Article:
A police van and three police cars remain at the scene as detectives continue to scour the house for clues.
The Pulver family have not returned to the house since Madeline was freed from the bomb shortly after 12.30am and taken to hospital for a check-up.
A neighbour this morning said he was shocked at what unfolded in the prestigious street but said he did not know the Pulver family well as they had only moved in a few years ago.
Forensics officers left the the hospital overnight with evidence bags, possibly containing victim's clothing and other remained outside the home fingerprinting a white Ford station wagon.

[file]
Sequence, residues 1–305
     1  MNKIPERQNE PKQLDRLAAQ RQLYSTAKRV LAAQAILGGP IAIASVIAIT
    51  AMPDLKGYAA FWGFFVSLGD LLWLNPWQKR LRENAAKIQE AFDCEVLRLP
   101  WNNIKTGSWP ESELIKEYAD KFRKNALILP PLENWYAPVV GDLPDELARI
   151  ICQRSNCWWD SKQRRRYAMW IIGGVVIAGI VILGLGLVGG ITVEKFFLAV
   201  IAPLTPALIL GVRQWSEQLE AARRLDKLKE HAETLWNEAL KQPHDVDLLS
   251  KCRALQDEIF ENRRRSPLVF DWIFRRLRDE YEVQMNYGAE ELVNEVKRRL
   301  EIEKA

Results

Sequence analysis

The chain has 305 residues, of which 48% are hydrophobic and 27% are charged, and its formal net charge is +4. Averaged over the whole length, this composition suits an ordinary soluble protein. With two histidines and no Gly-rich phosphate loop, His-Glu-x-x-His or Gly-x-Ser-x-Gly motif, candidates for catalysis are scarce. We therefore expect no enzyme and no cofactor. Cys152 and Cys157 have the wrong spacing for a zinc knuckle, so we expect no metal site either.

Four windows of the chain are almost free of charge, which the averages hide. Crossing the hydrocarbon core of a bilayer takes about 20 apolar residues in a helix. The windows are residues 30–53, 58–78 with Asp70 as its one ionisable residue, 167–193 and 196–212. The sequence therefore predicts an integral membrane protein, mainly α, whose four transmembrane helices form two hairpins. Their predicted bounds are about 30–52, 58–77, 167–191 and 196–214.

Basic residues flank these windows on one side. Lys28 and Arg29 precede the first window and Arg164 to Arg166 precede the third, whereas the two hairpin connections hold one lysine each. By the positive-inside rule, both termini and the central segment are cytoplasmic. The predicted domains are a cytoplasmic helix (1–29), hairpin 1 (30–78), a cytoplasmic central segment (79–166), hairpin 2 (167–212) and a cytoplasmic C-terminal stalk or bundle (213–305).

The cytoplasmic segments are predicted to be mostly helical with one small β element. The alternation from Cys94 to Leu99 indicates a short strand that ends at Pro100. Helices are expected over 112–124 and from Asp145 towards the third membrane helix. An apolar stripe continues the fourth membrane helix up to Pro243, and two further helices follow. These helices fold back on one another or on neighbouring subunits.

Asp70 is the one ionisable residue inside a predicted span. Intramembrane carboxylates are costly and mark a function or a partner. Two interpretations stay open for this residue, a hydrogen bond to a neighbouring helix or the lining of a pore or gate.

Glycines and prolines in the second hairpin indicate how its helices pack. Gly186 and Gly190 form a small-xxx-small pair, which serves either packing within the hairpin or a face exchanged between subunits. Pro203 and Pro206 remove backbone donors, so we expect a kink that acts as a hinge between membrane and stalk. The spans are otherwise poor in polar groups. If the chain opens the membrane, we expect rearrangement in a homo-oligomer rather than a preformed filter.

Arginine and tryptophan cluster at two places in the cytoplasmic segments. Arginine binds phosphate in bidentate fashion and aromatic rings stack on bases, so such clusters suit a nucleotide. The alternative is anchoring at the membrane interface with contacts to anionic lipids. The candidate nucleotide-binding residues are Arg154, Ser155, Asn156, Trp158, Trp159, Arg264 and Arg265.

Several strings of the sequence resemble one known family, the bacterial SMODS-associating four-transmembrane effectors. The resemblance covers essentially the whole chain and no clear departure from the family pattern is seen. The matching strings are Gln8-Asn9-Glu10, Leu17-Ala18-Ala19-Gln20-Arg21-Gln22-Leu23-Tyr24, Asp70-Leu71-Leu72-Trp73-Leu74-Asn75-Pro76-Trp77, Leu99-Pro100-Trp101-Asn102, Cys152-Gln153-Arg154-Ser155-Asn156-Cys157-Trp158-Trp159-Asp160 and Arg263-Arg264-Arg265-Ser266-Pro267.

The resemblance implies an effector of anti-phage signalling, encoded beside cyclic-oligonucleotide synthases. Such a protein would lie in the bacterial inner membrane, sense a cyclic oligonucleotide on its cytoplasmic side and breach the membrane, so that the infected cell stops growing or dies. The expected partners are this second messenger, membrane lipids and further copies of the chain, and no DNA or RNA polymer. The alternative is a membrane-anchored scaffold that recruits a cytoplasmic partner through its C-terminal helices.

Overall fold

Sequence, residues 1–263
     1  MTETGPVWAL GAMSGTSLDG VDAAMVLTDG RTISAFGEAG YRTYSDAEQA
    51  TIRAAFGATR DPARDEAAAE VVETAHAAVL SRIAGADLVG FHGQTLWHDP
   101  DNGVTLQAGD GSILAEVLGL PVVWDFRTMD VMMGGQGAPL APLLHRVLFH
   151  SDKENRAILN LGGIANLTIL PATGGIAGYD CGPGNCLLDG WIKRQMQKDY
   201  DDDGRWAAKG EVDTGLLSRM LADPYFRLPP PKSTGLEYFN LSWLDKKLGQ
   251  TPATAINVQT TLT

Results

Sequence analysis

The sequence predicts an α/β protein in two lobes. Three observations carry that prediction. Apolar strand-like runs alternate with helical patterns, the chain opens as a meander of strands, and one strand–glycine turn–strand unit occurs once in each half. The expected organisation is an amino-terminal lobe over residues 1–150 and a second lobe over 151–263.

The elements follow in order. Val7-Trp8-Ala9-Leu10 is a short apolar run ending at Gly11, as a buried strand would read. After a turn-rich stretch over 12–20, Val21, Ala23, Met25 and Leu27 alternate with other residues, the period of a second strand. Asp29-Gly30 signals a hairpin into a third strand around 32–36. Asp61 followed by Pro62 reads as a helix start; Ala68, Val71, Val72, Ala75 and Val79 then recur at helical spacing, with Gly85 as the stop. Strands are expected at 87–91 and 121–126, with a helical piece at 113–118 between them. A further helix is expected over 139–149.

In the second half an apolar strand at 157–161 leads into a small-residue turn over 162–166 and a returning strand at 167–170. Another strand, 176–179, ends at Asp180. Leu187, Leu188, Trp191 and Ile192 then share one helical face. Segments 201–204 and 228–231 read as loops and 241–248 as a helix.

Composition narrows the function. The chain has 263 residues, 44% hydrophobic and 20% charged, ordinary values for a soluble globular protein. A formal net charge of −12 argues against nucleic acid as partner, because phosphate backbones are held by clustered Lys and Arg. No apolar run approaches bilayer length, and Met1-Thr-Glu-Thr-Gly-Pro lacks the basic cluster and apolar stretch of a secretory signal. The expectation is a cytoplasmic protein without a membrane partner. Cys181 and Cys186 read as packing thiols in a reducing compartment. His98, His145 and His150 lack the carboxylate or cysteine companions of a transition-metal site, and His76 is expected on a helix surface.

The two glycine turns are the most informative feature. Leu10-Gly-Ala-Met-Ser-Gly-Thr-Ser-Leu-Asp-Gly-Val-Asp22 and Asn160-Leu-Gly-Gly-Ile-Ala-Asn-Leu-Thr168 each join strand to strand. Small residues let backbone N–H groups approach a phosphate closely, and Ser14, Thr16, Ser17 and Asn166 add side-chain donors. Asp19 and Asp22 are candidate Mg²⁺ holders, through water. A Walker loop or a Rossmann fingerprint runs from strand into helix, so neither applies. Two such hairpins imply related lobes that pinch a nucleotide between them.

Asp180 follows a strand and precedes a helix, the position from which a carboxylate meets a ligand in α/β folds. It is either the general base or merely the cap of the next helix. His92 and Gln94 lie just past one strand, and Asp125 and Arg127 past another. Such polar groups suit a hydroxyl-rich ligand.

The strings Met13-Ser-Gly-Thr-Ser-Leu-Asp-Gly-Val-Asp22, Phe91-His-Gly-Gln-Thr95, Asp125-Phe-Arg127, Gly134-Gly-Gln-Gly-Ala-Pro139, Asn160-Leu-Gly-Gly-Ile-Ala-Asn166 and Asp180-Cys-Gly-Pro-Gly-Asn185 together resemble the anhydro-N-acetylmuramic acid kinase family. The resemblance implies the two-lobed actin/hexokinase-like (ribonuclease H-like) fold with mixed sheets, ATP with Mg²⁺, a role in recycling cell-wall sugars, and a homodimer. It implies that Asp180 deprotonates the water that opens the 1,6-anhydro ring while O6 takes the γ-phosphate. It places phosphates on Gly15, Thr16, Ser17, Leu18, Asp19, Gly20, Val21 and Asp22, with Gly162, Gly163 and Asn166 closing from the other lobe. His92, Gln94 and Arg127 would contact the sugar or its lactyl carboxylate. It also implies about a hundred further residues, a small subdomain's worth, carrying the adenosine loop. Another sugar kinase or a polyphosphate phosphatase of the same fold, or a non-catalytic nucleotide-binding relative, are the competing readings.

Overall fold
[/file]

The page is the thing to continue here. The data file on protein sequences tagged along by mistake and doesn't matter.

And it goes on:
Bomb specialists were able to release Madeleine from the collar bomb just after midnight after getting expert advice from the Australian Federal Police bomb centre and the British military.
The device, which police were unsure was explosive, was still intact and will undergo thorough forensic examination.
Assistant Commissioner Mark Murdoch said Madeleine's parents William and Belinda Pulver - one of Sydney's wealthiest families - were "immensely relieved" and that the girl was safe.Mr Murdoch described it as a "very elaborate device" and police were continuing to investigate an elaborate extortion but would not reveal details of the threat or demands.
During the 10-hour ordeal at the family mansion in Burrawong Ave, Mosman, Madeleine was fed, given water, kept warm and was in the company of specialist police officers while her parents were kept away.
Mr Murdoch said she was in a "uncomfortable position" during the "unusual incident" and was taken to hospital for assessment early today.